Just because you develop a popular new technology, there's no guarantee
you can control its destiny. Digital video recorder (DVR) pioneer Tivo (Nasdaq: TIVO)
convinced cable companies it's program-recording devices would revolutionize viewing habits, as it was far more functional than a plain-old VCR.
Since its founding in 1997, the company quickly gained traction, hitting almost $100 million in sales by fiscal (January) 2003, roughly $275 million by fiscal 2008, with expectations of reaching $500 million in annual sales by the current fiscal year.
But cable operators had another idea. Time Warner Cable (NYSE: TWC) and other large cable companies decided to go with cheaper DVR devices made by firms such as Cisco Systems (Nasdaq: CSCO) and Motorola Mobility Solutions (NYSE: MMI).
As a result, Tivo's sales have been falling ever since, and investors began to wonder whether the company would even be around a half-decade from now. Well, that obituary was premature. Tivo recently delivered a surprisingly strong quarter, fueled by better-than-expected new subscriber gains.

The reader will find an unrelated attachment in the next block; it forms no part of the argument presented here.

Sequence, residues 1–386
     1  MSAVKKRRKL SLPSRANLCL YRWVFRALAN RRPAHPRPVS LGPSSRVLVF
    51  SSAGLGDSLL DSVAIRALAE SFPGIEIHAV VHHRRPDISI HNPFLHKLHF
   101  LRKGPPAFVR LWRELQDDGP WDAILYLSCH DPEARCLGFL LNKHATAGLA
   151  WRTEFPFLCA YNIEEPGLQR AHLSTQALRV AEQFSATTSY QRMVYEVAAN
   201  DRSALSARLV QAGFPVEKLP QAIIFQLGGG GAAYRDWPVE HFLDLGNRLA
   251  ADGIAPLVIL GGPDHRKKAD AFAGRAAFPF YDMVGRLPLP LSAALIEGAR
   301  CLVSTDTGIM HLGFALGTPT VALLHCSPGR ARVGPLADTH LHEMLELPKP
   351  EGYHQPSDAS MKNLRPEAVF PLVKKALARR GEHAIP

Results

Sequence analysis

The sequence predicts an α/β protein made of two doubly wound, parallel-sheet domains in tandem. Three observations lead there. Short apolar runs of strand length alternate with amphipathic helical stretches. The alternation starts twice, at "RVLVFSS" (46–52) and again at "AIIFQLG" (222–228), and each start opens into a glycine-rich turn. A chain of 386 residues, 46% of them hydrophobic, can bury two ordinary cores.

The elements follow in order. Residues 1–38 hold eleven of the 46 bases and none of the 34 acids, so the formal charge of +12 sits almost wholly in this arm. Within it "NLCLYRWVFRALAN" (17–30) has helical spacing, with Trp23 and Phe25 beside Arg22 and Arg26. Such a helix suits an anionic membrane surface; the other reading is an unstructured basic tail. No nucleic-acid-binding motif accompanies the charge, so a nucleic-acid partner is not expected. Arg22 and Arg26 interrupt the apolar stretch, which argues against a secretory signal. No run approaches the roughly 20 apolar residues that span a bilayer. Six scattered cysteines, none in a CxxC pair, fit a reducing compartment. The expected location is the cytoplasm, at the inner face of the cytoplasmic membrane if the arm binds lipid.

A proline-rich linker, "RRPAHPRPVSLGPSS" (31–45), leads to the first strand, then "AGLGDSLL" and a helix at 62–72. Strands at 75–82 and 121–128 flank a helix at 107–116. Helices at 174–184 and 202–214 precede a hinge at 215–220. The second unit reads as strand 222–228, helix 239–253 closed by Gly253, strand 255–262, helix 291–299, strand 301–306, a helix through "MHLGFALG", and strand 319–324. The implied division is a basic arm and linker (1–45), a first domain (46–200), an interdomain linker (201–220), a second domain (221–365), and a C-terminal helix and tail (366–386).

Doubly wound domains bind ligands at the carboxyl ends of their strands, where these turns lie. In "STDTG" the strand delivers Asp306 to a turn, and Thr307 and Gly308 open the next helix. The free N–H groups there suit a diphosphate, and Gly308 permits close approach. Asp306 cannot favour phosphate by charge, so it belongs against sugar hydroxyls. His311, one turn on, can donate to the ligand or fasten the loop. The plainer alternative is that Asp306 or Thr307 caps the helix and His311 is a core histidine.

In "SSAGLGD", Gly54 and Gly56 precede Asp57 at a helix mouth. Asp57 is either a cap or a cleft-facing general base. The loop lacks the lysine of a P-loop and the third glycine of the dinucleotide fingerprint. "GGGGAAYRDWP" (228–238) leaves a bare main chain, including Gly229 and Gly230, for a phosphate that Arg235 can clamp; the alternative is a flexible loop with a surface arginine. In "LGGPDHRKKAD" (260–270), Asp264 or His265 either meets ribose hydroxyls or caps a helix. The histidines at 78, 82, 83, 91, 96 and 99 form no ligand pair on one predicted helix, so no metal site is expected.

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In the quarter ended October, Tivo showed sequential gain in net new subscribers for the first time in almost two years. And analysts say the numbers will look even better in the quarters to come.
A shift to the second tier
Tivo grew frustrated in its dealings with the largest cable operators (known as MSOs), which were hammering the company on price. A refusal to cut prices sharply led to terminated contracts, so Tivo's management decided to focus on second-tier MSOs. Smaller MSOs lack the engineering resources to deliver the robust technology Tivo has developed. The move seems to be paying off now.
For example, United Kingdom's Virgin Media, which has more than 2 million subscribers, has paired up with Tivo.